Part 40

Graham and I made the hop over to Belém the next day, saying only a few things during the bumpy flight.

So what really happened, I asked about halfway through the trip. With the farmers and doctors and everything. What did you offer them?

He made a slight hmph, partially amused, part something else entire. I told them the truth, he said. You were a broke, lost Canadian tourist that was supposed to meet up with the jungle doc and that you needed help. The older guys asked me a bunch of questions but I told them we had gotten separated. I offered them the few bucks I had. They offered to ‘look after’ the docs while the kid came with me. That was it.

After looking for a witty retort to encapsulate the whole mess, I came up with ‘Oh’.

And then: Wait, what about Três then?

Vacation girlfriend. Probably why the local boy was eyeballing you so much.

Of course, I thought. I was surprised that pity would work on guys that sounded happy to use force on the locals to get their way, but that particular reflection caught a nice slice of my ignorance.

As we were thumped around our seats on the descent, Graham, trying to melt into his chair in a pantomime of relaxation, asked what I gave her as a parting gift.

The hole in the wall next to the café was a half-assed, dusty curio shop and I had scoured the smaller carvings along the back corner until I asked the owner if they had anything like a beaver or moose available. She gave me a look (I said the animals in English) but tried to find something to help. We ended up grabbing what she swore was a porcupine carved from a white wood (pine, it turned out), but looked more like a big groundhog.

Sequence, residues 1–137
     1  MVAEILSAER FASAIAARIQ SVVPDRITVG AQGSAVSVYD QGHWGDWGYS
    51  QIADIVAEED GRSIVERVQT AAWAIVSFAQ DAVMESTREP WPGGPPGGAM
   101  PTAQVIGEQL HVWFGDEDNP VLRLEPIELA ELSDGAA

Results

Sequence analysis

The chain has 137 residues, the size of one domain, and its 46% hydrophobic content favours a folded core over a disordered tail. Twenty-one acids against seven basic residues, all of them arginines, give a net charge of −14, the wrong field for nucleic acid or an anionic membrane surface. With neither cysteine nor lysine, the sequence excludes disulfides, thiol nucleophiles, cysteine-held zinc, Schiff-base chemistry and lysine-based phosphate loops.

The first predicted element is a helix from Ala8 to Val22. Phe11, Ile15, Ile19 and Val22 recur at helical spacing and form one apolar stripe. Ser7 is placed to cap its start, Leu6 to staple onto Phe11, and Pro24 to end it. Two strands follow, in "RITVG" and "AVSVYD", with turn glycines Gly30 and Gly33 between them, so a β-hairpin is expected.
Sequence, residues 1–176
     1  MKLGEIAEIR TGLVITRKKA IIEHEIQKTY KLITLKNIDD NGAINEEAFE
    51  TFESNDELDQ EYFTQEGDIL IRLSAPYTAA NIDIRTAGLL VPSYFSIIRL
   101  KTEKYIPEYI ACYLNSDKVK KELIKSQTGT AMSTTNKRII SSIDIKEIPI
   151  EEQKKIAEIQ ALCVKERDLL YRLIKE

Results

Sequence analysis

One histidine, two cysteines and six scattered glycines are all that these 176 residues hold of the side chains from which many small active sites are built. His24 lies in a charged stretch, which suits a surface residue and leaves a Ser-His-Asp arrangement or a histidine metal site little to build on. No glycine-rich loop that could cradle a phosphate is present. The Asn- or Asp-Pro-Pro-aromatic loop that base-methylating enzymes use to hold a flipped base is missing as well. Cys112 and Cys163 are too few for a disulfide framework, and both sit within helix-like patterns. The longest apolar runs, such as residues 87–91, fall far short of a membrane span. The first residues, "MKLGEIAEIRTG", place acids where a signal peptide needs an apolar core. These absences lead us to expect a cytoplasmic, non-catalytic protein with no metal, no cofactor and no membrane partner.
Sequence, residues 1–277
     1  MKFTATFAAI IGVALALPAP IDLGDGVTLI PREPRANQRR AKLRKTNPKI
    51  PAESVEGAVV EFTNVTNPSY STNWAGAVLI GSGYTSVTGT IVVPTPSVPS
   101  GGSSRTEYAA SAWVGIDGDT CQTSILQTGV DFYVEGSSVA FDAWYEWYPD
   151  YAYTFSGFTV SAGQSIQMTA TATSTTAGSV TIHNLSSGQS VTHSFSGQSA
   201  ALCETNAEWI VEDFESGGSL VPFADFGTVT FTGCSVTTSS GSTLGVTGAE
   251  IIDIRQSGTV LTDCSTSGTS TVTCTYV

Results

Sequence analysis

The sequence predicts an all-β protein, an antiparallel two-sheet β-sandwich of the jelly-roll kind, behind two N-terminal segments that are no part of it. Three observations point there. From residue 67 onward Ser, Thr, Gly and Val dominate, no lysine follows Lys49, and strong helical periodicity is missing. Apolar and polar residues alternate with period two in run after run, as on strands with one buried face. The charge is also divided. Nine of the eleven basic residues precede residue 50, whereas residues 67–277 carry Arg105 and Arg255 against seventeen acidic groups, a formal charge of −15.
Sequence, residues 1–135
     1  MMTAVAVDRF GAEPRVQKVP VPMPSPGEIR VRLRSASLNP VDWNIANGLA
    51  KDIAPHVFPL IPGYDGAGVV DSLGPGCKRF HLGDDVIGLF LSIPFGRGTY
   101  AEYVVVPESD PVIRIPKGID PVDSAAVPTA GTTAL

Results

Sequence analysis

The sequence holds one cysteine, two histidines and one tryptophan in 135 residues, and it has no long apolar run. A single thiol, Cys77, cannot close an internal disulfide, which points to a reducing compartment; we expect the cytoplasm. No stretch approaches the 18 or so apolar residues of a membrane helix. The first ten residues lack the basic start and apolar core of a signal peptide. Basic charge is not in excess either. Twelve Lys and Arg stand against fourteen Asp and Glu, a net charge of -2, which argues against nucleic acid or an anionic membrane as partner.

I bought it and a brown knitted cap and a red marker, cut part of the cap into a big flat oval, taped it on the end of the thing, and scribbled the two bars and maple leaf on the underside, with ‘sorry, eh,’ underneath.

I’m sure someday she would get the joke. If she didn’t throw it out.

Landing and booking flights and seeing about customs all came next in a long, hazy, blurry afternoon. Somehow Graham’s took almost as long, even though he was for Brasilia and I was for Buenos Airies with a dip into São Paulo on the way. He waited patiently by departures entrance.

I’m at 3C, he said.

I’m not, I said. You’re crippling me here, big guy.

I’m not going to say call me crazy, because I don’t want you to call me at all, really, but if this whole thing turns out to be true, you might be better off not having me around to tempt you into doing things you shouldn’t. You still owe me, though. Don’t call. Unless you really have something. He smiled, wide and lips tight.

Fair enough, I said (my go-to for dissipating tension and/or keeping me from getting aggravated).

We shook hands. That was it. He didn’t leave a number.